December 6, 2023
Picture: Manna from Heaven
Exodus 16:1-4 & 31; John 6:32-36
The last several months had been filled with peril and elation, certain doom and rescue. They had watched the most powerful nation in the world whimper under the heavy hand of the God of Israel. They had slipped through the clenched fist of the relentless Egyptian army by way of a dry path through an unassailable sea. But time had passed and the thrill of deliverance had been left to dry on the banks of their miracle. Moses’ song was but a faint echo drowned out by the hunger pangs that seemed to feed on the moral of the toddling nation. They needed bread, and the desolation around them created a nostalgia for the predictability of slavery that no one could have expected. They confronted their leader Moses saying,
“Would that we had died by the hand of the Lord in the land of Egypt, when we sat by the meat pots and ate bread to the full, for you have brought us out into this wilderness to kill this whole assembly with hunger.”
Then, just as before, God sustains his people.
Then the Lord said to Moses, “Behold, I am about to rain bread from heaven for you, and the people shall go out and gather a day’s portion every day, that I may test them, whether they will walk in my law or not."
Now the house of Israel called its name manna. It was like coriander seed, white, and the taste of it was like wafers made with honey.
Instead of giving the people a means of depending on themselves, God would teach them to trust in Him. Each day they would have a visual reminder that God was with them, sustaining them in a place that would otherwise spell their doom. For forty years, God met the needs of His people this way. Over a thousand years later the ache for fulfillment and satisfaction was still burning in the hearts of mankind. Just as it does now, the world was stirring up an appetite that it could never satisfy. As Jesus was teaching a crowd, he heard the familiar sounds of hunger. After meeting their physical needs, Jesus offers himself as the answer for the deeper hunger that went by a thousand names. He said,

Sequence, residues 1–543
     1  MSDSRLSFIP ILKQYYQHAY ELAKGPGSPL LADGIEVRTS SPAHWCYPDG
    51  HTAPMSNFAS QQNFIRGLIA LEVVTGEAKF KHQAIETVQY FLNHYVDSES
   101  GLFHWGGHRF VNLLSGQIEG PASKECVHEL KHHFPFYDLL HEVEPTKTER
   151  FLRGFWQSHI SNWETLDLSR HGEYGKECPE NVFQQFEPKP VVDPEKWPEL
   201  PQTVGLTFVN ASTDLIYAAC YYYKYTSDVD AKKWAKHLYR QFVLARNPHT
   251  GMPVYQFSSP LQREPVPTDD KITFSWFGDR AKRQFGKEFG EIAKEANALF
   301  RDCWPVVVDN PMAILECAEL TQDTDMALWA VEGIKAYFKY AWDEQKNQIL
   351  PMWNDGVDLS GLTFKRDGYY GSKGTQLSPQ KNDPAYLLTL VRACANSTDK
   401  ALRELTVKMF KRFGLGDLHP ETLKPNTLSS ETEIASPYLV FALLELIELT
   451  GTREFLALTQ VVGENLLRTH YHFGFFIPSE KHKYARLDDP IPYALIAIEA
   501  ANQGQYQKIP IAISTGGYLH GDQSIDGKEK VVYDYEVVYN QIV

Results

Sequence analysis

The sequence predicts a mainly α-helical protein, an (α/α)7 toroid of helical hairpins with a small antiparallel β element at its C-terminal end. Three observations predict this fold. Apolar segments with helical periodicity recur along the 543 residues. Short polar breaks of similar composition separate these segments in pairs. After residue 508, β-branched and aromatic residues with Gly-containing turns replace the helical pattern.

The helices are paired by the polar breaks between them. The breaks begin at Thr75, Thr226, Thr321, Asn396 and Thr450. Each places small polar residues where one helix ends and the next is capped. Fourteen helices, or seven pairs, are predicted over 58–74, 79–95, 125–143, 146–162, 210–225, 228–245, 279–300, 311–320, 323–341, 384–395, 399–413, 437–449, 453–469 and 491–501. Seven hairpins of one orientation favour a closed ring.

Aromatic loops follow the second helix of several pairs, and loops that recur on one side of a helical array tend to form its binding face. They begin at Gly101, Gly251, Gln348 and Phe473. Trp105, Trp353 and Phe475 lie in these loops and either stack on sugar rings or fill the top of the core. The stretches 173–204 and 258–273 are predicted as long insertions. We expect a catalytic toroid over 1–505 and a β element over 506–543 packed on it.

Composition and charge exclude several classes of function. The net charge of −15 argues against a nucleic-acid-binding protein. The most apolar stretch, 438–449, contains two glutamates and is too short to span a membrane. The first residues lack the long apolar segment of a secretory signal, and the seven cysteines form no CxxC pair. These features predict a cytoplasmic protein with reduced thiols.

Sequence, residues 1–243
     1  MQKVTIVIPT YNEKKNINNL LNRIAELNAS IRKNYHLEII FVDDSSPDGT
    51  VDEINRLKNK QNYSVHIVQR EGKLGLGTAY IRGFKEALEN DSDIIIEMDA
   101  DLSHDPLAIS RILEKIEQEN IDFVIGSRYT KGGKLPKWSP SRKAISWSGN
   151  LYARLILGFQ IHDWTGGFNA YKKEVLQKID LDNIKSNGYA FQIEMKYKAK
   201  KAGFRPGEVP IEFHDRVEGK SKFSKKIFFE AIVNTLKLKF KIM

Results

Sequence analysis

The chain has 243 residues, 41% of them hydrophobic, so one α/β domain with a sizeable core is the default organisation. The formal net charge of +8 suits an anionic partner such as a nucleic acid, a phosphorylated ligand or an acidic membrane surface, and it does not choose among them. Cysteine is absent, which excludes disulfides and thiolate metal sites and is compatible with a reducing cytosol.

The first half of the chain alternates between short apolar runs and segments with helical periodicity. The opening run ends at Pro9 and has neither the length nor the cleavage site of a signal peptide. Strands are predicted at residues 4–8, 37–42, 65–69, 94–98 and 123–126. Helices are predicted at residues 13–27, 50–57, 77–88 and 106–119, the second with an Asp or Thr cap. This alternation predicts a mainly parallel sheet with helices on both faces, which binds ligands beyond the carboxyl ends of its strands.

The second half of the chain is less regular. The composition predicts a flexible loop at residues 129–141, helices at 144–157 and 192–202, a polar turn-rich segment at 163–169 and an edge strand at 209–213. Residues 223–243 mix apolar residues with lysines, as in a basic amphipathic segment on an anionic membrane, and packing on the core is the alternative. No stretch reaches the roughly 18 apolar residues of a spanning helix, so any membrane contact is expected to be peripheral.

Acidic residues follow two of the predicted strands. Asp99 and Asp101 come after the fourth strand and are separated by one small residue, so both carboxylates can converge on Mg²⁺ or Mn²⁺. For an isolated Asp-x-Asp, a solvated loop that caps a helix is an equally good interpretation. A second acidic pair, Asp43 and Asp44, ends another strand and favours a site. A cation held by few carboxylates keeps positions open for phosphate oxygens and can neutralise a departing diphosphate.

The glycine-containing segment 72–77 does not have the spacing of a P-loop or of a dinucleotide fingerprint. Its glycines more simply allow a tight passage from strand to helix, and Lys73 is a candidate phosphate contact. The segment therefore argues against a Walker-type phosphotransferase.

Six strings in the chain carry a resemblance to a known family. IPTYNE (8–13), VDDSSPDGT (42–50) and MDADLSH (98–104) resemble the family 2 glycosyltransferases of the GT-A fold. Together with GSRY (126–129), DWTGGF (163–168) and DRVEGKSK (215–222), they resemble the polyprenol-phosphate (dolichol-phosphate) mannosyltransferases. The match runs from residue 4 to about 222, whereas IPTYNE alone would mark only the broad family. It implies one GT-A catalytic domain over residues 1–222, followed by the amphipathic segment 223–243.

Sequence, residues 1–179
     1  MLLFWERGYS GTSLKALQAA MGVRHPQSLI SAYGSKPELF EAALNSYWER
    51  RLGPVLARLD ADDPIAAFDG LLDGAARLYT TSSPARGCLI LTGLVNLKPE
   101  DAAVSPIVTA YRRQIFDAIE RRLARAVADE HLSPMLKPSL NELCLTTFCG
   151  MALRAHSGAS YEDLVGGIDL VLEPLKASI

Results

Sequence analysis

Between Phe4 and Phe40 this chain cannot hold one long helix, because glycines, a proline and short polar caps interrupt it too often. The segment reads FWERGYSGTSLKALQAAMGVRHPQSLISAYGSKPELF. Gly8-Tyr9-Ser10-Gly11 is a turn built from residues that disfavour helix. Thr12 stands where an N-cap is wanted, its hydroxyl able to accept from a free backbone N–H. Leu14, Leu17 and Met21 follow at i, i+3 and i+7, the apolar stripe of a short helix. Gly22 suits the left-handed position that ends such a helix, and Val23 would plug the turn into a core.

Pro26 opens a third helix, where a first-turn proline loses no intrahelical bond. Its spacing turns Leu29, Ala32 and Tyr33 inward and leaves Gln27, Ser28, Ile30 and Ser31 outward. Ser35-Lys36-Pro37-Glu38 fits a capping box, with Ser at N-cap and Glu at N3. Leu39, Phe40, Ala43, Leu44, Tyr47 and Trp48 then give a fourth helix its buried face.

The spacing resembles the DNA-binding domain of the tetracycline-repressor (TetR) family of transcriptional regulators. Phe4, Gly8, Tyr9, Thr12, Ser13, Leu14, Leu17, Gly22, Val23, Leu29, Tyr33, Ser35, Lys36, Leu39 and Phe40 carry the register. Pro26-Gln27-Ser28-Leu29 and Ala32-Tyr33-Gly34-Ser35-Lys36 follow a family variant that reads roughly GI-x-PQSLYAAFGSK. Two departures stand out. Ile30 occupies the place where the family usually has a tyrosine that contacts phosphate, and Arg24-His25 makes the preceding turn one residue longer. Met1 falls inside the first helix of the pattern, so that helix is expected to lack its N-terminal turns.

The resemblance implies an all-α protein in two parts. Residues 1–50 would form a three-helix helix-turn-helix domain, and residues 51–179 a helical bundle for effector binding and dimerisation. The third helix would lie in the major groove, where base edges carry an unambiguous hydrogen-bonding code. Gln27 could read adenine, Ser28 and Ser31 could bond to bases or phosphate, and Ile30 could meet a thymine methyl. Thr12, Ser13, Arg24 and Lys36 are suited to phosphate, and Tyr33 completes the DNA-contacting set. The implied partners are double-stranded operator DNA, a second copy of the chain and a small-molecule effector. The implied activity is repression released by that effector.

"Most assuredly, I say to you, Moses did not give you the bread from heaven, but My Father gives you the true bread from heaven. For the bread of God is He who comes down from heaven and gives life to the world.”
Then they said to Him, “Lord, give us this bread always.”
And Jesus said to them, “I am the bread of life. He who comes to Me shall never hunger, and he who believes in Me shall never thirst. But I said to you that you have seen Me and yet do not believe."
In just a matter of months, Jesus would break bread with His disciples the night before His death. He would give a new visual reminder that the bread is His body broken for mankind. Jesus is the Manna in the desert. He is what God has provided to sustain us through the perils of life and satisfy the hunger pangs in our souls. Yet, consuming this bread only happens through belief and submission to the Lordship of Jesus. On Christmas morning we wake up to find that the child in the manger would be the only bread that can satisfy our souls.